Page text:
I just got back from Spring Break in Italy where I was inspired to restock my kitchen in Tunis with some specialty supplies. First of all, the table at the agritourismo we stayed at had a bottle of chili oil every night and we got addicted to it, wanting to pour a little on everything. I bought the hottest chilies I could find at my market when I got home and got my own bottle started steeping. This is such a simple thing that I had completely forgotten about making. My friend, Lauren, just gave me this pretty Polish pottery stopper for my birthday so I made up a lovely bottle in minutes. I wanted to keep most of those cute chilies whole so I just made slits in the ends so the oil could come into contact with the chili flesh and seeds. I filled the bottle to the top with our grassy, green olive oil.
Then, the PAM grocery store, outside Siena, had a tremendous selection of specialty salts. I have about every salt I need now to cook through Mark Bitterman’s book, Salted, cover to cover.
I made up another salt mixture, based on a recipe from Saha, A Chef’s Journey Through Lebanon and Syria, by Greg and Lucy Malouf. This is easy to put together and keeps for 6 months. It is a nice quick cure for a piece of fish.
- 1/2 teaspoon cumin seeds, ground
- 1/2 teaspoon coriander seeds, ground
- 1/2 teaspoon cardamom seeds, ground
- 1/2 teaspoon fennel seeds, ground
- 1/2 teaspoon nigella seeds, ground
- 1/2 teaspoon sesame seeds, ground
- 2 tablespoons sea salt
Put the ground spices, toasted sesame seeds and salt in a skillet and gently warm through so they merge into one fragrant powder. Store in an airtight jar.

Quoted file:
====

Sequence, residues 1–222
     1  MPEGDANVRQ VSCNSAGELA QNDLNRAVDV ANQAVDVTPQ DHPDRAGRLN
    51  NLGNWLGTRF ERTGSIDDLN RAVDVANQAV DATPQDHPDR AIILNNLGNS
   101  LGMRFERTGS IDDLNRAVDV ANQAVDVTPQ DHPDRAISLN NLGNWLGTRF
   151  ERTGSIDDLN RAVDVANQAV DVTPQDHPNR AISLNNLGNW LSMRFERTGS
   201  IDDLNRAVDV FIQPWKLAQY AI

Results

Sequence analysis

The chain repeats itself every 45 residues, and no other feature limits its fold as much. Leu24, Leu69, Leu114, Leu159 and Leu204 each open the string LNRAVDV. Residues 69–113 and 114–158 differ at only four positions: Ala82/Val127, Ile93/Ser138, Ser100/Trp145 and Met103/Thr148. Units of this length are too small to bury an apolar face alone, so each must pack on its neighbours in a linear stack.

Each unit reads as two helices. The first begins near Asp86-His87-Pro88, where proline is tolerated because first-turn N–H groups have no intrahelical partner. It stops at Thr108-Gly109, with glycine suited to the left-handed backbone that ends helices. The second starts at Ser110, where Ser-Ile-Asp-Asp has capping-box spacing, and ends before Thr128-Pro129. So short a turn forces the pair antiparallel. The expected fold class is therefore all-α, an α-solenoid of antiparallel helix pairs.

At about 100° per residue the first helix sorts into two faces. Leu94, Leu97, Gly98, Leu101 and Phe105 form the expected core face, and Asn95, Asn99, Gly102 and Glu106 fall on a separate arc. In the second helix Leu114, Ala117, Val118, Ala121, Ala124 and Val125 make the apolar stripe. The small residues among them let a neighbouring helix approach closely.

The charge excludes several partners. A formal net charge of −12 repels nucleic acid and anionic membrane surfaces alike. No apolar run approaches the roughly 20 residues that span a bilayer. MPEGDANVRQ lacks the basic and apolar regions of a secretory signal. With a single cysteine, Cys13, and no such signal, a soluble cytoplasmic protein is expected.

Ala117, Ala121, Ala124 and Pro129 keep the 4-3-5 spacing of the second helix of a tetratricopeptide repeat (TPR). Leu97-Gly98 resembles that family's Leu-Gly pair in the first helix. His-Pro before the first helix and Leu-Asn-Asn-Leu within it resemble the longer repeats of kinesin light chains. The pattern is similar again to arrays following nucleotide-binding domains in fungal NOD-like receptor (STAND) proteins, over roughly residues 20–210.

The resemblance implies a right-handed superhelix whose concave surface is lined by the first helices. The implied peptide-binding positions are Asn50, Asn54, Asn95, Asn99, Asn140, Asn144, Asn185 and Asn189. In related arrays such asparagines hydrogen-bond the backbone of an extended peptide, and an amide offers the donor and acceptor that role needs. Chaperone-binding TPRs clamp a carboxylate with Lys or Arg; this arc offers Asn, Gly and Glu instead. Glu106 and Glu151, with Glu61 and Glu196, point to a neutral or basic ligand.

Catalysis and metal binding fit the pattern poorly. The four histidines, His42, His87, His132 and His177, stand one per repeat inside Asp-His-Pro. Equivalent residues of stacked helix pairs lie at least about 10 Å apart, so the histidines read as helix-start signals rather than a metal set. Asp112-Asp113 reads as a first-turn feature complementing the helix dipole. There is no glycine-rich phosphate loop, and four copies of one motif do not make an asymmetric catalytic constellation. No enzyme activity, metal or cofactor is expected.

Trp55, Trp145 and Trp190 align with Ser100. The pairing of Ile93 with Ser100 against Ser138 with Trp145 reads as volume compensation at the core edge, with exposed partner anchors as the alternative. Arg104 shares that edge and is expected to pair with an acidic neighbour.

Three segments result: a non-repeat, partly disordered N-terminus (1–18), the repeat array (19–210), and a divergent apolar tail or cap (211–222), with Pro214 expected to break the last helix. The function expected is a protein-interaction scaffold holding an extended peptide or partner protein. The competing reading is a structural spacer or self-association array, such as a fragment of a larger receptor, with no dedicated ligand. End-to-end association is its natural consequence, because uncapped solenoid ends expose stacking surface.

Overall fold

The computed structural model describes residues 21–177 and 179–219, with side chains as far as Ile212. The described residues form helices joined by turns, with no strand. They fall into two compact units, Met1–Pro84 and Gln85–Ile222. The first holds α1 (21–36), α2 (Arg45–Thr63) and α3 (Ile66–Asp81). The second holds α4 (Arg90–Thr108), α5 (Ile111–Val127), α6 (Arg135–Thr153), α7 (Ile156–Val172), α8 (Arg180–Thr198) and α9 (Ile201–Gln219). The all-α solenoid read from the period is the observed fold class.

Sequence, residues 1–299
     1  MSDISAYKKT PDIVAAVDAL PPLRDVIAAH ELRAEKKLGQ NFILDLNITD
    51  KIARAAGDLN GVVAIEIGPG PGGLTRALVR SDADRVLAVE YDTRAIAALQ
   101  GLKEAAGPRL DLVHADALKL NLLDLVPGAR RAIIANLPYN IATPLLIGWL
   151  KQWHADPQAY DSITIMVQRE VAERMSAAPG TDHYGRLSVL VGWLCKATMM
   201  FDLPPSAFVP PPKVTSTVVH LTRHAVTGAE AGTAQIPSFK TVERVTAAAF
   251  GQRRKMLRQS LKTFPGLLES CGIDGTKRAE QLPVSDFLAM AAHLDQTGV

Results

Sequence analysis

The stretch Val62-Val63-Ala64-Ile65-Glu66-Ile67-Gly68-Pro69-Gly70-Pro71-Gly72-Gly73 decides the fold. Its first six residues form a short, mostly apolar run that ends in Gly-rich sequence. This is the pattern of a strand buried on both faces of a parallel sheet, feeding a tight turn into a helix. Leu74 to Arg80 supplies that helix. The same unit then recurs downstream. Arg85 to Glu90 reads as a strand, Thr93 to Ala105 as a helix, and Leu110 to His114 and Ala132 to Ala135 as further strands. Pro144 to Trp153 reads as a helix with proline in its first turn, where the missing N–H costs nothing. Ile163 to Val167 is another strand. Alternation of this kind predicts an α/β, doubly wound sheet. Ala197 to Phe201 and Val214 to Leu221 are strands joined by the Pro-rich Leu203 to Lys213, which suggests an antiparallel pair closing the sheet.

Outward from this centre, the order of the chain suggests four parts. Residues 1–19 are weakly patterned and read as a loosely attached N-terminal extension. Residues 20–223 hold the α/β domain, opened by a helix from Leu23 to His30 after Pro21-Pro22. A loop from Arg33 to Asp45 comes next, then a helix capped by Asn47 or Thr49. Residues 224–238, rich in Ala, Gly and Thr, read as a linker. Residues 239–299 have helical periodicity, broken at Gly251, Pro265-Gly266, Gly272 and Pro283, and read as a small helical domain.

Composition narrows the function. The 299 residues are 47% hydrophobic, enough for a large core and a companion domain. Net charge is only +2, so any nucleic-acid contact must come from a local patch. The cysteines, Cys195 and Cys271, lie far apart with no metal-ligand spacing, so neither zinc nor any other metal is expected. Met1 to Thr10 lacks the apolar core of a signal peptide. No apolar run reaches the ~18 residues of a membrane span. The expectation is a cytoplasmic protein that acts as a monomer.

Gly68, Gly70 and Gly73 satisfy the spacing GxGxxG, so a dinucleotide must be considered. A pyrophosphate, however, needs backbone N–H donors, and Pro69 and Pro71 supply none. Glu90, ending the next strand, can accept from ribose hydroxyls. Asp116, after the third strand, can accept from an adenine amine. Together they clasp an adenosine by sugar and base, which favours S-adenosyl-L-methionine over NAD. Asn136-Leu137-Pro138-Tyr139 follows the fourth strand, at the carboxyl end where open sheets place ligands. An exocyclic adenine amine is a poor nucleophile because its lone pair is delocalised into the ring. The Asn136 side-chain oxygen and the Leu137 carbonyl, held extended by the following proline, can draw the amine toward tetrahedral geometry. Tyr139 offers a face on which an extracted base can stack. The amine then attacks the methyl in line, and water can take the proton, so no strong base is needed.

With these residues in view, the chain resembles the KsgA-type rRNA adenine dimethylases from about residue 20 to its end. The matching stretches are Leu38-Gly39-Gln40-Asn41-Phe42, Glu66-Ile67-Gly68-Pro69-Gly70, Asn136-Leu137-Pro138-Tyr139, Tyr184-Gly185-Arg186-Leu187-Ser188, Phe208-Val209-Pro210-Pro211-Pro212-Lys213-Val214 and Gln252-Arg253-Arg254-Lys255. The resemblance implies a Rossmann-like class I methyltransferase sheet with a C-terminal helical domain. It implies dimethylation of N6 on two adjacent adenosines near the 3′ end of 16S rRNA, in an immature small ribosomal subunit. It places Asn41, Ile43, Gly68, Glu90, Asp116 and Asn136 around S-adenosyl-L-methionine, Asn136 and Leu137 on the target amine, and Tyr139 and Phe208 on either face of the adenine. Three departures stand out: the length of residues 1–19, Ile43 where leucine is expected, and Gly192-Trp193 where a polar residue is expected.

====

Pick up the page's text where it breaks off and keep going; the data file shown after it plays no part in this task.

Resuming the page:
Olive Oil Poached Fish
adapted from Saha, by Greg and Lucy Malouf
Dust the fish all over with the Fragrant Salt and refrigerate for an hour to lightly “cure”. Before cooking, rinse the fish and dry it thoroughly.
In a deep cast iron skillet or fish poacher, put a layer of sliced onions. Place the fish on top, skin side up. Pour in enough olive oil to barely cover onions and fish. Put the pan on the stove and heat gently to 140 degree F. Cook for 8 minutes then remove from the heat and let the fish sit in the oil for another 2 minutes. You can easily skin the fish at this point, if desired. Carefully lift the fish out of the oil and place it on paper towels to drain.
Make the Tarator.
- 1/2 cup walnuts or pistachios, toasted and finely chopped
- 1 cup cilantro leaves, finely shredded
- 1 small purple onion, very finely diced
- 1 red finger-length chili, seeded and finely diced
- 1/2 teaspoon ground sumac
- Juice of 1 lemon
- 1/4 cup extra-virgin olive oil
- Salt and pepper to taste
Mix all ingredients and pack onto the top of the poached fish before serving.